"Although you can screw the freewheel on by hand, just by turning the sprockets clockwise, when you want to remove it, the sprockets don't help, because the freewheel's ratchet mechanism lets it spin freely counterclockwise. To remove a freewheel requires a special tool, commonly called a "freewheel puller" or "freewheel extractor", to grab hold of the core of the freewheel."

    Then it goes on to say that "Freehubs" are essentially the same....

    So... Why did it come off in the first place.

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    I also would like to know how to service this hub for the future, as I saw no way to get inside it... (maybe that is be design). The one nut is all there is.. There is nothing else. Maybe if I take off the disk brake I will see something?

  10. #10
    Ho-Jahm Hocam's Avatar
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    How about an allen wrench in one of the disk brake bolts?
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  11. #11
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    Thought about that, the disk brake bolts are part of the wheel, not the axle. I need to hold down the axle. Doing this will allow the wheel to just spin.

  12. #12
    Te mortuo heres tibi sim? scrublover's Avatar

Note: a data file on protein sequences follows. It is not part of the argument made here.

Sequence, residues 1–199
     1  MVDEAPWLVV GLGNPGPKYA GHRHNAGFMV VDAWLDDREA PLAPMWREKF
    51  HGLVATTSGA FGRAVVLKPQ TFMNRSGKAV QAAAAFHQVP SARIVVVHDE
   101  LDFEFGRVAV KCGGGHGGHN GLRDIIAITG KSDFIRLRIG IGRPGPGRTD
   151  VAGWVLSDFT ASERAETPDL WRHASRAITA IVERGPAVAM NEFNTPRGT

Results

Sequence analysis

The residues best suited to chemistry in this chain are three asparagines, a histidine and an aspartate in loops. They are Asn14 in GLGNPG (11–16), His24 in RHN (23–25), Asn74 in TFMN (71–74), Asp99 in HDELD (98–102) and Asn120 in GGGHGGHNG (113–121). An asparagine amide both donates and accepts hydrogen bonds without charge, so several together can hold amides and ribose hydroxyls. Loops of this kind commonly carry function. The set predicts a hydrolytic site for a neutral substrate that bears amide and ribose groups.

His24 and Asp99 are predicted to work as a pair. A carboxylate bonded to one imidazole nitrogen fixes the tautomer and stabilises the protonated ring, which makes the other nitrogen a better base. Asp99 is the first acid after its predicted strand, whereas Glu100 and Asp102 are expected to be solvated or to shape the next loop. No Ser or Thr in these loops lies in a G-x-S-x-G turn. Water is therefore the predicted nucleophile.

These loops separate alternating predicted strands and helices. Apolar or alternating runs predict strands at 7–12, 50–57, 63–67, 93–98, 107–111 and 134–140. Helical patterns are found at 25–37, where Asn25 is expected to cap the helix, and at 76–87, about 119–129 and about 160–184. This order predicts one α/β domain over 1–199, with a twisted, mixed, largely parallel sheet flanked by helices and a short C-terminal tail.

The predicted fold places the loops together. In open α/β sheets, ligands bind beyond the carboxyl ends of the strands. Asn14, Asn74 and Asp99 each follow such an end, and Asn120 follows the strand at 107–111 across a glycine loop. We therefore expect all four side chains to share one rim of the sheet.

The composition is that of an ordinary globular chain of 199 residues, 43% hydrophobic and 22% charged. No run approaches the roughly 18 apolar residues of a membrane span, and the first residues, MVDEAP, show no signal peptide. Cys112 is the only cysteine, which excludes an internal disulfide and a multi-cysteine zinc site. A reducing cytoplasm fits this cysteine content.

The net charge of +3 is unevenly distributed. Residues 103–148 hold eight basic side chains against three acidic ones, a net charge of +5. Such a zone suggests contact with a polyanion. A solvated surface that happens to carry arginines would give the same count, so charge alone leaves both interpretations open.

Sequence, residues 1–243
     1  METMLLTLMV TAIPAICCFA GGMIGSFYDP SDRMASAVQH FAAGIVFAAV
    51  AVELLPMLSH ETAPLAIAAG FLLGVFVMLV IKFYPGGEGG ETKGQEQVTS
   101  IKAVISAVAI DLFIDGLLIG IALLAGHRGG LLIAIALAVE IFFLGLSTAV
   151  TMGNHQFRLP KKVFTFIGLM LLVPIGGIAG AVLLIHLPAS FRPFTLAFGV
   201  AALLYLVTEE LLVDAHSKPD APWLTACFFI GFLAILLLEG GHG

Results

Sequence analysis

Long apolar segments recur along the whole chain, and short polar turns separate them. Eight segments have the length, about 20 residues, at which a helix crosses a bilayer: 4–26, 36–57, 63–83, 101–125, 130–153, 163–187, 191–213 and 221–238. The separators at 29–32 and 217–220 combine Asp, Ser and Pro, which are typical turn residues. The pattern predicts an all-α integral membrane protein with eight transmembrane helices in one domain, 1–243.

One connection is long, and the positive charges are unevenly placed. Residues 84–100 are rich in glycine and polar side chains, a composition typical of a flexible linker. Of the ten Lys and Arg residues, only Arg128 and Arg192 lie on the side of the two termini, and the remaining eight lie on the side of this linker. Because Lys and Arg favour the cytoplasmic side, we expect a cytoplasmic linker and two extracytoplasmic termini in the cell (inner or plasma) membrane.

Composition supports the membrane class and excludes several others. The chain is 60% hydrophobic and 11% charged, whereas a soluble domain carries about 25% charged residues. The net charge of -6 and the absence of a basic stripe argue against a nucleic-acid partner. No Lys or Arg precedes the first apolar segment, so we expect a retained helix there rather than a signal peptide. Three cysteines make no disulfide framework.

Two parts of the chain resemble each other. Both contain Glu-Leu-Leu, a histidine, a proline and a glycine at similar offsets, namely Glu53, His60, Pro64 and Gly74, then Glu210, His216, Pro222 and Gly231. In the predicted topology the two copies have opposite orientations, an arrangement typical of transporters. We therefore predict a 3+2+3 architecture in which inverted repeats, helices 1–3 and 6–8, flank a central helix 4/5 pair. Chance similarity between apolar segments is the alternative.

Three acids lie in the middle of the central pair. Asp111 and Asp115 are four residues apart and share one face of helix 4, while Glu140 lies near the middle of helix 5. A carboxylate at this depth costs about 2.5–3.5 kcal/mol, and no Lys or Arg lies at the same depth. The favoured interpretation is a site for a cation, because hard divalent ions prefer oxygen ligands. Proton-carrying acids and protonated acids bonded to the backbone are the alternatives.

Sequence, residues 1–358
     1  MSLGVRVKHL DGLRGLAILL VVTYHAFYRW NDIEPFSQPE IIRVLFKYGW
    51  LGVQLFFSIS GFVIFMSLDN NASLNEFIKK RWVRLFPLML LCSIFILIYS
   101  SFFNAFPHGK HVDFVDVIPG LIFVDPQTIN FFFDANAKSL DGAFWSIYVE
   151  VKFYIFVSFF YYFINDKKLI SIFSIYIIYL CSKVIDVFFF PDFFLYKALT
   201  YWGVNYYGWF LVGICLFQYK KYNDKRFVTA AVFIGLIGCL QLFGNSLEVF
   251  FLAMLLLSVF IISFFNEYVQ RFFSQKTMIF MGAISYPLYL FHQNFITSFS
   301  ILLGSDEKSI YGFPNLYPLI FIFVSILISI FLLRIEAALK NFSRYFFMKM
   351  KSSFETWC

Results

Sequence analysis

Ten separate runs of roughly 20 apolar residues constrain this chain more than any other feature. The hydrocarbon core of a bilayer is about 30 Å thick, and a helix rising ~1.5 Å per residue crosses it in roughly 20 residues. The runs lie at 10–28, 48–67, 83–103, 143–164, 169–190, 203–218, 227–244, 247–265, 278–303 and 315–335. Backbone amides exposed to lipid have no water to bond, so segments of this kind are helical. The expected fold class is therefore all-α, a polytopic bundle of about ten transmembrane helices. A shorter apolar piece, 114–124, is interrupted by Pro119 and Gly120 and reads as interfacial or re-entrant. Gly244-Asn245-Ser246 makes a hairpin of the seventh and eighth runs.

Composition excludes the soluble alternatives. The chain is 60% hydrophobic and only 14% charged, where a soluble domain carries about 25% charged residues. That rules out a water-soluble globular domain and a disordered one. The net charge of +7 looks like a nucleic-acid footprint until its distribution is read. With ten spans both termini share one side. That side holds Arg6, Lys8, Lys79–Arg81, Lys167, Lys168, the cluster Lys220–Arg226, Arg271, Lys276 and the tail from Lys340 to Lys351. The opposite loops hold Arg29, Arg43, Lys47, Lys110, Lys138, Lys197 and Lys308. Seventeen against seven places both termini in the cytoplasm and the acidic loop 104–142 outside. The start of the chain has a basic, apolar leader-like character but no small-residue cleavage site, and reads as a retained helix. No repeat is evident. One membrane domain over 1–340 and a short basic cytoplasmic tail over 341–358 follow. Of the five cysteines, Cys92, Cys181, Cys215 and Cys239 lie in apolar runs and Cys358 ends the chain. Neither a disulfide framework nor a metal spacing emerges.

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    Rag + some sort of pliers/wrench to grab the non-drive side, then go to town.

    Or, you could also file some flats onto the ND side bits. Gl slowly and carefully, make it look nice and pro.

    IMO, I'd do the latter. You'd then always have a way to work on it, without possibly marring up things with a wrench. Assuming it's the stock cheapy wheel?

    With the cassette off the way you had it, you'd then likely push/pound the axle out through the ND side to get access to the bearings. Getting the cassette off the carrier will help getting access to those bearings, I'd guess.

    Looks somewhat similar to Hope ProII and bulb hubs - mainly held together by friction, and tightening the rear axle up keeps things pre-loaded.
    I believe the clouds in my coffee more than the weatherman on t.v.